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Monday, 26 December 2011

Was Shroud created in a flash? Claims rise again


The Shroud of Turin bears the faded image of what appears to be a Christlike figure. Italian researchers say they've come close to the shroud's coloration by blasting strips of linen with ultraviolet laser light.


Italian researchers have resurrected the idea that the Shroud of Turin's mysterious image of a Christlike figure could only have been created by a powerful flash of light — but skeptics still aren't buying it.


Scientists have tussled with believers, and with each other, over the origins of the centuries-old cloth for decades: Many believers think it's the true image of Jesus, left behind miraculously on his burial cloths after his resurrection. Analyses of the Shroud's chemical makeup, as well as radiocarbon dating of fiber samples, have led lots of researchers to conclude that the image was painted onto the cloth during the 14th century. But other researchers, sympathetic to the Shroud's cause, say those tests were faulty.


The Italian studies, conducted at the ENEA Research Center in Frascati, addresses a specific question in Shroud science: Could a burst of radiation have created the coloration seen on the linen? The answer is yes, although the results reported in the latest studies aren't a perfect match. So does that mean the Shroud image could only have been created by the flash of a miraculous resurrection? The answer is no, despite what you might read on the Web.


Five years of tests
"Sadly, we have seen many claims spread in the Web made by journalist/bloggers that discuss the content of a paper they never read," lead researcher Paolo Di Lazzaro told me today in an email. "It is obvious that a serious scientific work cannot prove any supernatural action. We have shown that the most advanced technology available today is unable to replicate all the characteristics of the Shroud image. As a consequence, we may argue it appears unlikely a forger may have done this image with technologies available in the Middle Ages or earlier. The probability the Shroud is a medieval fake is really low. In this sense, the Shroud image is still a scientific challenge."


Di Lazzaro and his colleagues based their conclusions on five years of tests, using an ultraviolet laser apparatus and strips of modern-day linen. They blasted the cloth with UV at different power levels, and reported that they "achieved a very superficial Shroud-like coloration of linen yarns in a narrow range of irradiation parameters." The best effect depended on laser pulses lasting less than 50 nanoseconds.


"These processes may have played a role in the generation of the body image on the Shroud of Turin," the researchers report.


They don't go so far as to claim a miracle. But the fact that UV laser blasters didn't exist in the 13th century, let alone in Jesus' day, strongly implies that they suspect something out of the ordinary was going on.

What do you think of the Shroud of Turin?


Di Lazzaro told me that the tests were not financed by ENEA, which is a government-sponsored research agency, and were conducted outside working hours. "The research was curiosity-driven, the attempt to replicate an image which is considered 'the impossible image' due to its very peculiar characteristics," he said.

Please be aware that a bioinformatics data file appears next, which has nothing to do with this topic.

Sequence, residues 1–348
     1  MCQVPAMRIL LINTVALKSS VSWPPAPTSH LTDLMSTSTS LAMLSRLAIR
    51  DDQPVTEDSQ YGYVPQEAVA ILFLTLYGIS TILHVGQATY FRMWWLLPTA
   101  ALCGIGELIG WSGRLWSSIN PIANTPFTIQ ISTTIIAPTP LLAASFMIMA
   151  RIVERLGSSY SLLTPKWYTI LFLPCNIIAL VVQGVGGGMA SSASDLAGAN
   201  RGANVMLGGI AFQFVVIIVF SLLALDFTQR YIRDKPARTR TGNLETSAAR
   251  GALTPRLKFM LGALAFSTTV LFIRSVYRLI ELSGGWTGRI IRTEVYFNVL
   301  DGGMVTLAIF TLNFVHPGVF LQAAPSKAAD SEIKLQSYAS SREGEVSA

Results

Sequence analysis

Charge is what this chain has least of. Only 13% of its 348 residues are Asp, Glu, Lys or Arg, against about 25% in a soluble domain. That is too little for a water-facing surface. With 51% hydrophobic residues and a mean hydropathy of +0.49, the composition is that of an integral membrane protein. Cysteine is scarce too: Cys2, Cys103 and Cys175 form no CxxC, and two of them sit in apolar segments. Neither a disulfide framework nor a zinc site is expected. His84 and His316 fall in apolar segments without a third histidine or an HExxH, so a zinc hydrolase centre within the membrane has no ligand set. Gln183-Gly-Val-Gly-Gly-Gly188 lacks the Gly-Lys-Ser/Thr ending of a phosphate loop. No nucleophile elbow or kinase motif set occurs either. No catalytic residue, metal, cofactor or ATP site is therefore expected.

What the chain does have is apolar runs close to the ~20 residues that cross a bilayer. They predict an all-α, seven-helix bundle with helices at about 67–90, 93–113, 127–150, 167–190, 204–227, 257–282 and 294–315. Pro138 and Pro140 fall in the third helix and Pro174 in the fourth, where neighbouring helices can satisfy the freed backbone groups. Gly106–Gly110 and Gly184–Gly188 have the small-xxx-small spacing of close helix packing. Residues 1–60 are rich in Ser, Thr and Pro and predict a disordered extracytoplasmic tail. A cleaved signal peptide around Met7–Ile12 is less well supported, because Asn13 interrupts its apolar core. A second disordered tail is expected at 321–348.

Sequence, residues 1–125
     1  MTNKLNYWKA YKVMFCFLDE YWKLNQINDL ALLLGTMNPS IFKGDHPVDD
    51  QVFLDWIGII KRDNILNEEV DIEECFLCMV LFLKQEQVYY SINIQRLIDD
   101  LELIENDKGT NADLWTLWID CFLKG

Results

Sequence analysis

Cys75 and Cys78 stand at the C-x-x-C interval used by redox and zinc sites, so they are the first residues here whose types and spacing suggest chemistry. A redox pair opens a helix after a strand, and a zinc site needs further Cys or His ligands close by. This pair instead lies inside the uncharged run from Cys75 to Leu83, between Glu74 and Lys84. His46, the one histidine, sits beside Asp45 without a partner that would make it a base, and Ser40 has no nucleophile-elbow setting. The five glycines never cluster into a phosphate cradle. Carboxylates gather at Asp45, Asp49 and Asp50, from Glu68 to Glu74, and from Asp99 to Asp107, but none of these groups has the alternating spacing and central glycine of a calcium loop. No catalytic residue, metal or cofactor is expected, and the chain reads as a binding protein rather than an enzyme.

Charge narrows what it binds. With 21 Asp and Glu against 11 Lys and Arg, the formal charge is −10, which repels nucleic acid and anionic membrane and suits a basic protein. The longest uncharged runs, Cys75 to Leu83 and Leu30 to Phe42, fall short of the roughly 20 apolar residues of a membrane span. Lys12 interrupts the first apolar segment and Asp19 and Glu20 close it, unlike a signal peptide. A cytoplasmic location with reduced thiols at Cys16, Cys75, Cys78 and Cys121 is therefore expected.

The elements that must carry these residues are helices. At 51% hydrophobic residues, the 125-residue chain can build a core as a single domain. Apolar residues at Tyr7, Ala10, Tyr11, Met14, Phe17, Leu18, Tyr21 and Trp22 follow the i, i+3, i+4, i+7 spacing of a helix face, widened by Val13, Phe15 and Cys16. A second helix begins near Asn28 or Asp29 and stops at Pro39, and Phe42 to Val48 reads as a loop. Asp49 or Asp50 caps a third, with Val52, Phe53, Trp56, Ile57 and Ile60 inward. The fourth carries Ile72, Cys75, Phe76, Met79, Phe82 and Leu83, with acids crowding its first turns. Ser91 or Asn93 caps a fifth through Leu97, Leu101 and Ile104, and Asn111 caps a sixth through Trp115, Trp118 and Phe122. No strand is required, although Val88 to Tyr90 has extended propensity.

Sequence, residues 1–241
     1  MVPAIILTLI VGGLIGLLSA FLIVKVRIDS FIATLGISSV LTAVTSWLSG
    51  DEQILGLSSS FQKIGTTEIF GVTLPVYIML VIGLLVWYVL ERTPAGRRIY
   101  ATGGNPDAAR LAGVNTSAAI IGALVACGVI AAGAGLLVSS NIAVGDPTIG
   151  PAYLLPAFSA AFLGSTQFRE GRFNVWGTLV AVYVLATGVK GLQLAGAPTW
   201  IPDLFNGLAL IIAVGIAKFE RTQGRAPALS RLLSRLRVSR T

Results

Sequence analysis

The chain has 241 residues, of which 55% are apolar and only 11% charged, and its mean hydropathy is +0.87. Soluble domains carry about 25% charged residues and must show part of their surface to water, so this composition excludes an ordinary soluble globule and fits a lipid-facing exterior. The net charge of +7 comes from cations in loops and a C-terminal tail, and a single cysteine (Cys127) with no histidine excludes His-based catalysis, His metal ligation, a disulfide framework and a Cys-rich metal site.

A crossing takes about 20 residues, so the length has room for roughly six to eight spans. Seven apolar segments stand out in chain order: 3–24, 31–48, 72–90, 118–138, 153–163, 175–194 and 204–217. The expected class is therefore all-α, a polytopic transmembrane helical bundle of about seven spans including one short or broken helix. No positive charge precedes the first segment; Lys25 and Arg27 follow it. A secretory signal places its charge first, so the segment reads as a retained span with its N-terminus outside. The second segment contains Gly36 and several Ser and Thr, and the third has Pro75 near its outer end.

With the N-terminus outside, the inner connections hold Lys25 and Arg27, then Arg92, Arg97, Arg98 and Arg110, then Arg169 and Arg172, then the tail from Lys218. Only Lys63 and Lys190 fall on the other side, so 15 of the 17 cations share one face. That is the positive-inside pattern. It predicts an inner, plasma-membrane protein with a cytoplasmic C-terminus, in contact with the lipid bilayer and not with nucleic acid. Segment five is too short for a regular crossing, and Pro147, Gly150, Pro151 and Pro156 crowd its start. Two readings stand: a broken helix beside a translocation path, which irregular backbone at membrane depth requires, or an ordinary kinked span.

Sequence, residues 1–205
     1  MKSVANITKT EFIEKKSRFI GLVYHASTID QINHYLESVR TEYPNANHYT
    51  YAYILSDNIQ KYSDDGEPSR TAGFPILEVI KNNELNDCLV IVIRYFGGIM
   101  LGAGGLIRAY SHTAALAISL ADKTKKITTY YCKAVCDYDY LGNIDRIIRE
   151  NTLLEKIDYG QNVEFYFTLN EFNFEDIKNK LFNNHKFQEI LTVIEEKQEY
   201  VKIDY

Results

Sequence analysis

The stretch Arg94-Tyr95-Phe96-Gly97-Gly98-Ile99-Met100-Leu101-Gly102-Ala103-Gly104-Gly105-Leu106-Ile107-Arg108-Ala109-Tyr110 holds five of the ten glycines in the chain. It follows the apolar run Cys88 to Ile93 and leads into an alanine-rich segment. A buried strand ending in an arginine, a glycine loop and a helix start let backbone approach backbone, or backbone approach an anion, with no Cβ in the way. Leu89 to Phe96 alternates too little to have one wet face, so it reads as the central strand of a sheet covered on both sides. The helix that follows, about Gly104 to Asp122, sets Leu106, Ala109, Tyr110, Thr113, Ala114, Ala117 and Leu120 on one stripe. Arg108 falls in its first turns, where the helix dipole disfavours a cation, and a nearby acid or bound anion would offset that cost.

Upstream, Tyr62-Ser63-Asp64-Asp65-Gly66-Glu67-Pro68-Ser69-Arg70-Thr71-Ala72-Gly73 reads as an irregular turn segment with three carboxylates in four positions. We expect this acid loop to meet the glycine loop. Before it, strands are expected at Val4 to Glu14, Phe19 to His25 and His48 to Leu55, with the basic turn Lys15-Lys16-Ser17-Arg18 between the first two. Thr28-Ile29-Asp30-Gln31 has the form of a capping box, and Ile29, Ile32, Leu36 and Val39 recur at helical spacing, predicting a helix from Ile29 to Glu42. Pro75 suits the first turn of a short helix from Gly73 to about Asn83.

Over the years, Di Lazzaro and his colleagues have published a long list of studies, including peer-reviewed papers (see below). The latest studies were presented at a May conference in Frascati and published in November as an ENEA technical report (with a disclaimer saying that the contents didn't necessarily express ENEA's opinion). But they didn't really get traction until this week, just in time for Christmas, thanks to a series of sensationalized British news reports.


Critiquing Shroud science
Shroud science, also known as sindology, usually percolates outside the scientific mainstream — but every once in a while a sensational claim comes into the public spotlight. Joe Nickell, an investigator for the New York-based Center for Inquiry, has been following sindology for decades. He noted that the Italian research revives a discussion going back to the 1980s, spearheaded by a group called the Shroud of Turin Research Project, or STURP.


"This is really nothing new," Nickell told me today. "This is a supposed vindication of STURP."


Nickell said Di Lazzaro and his colleagues started out with the assumption that the coloration on the Shroud couldn't have been created by applying pigment to the linen — which runs counter to the conclusions drawn by other studies. Starting out with the idea that the human figure shown on the Shroud is an "impossible image" stacks the deck in favor of a miraculous explanation, he said.


"Making the assumption of a miracle is a really, really, really, really, really big assumption," Nickell said. "That it's done in the name of science is just astonishing."


Nickell said the latest findings don't prove much of anything, even though they're dressed up in high-tech tests.


"It is made up of whole cloth," he said. "The pro-Shroud people start with the answer, and then they have to get some scientific evidence to back this up."

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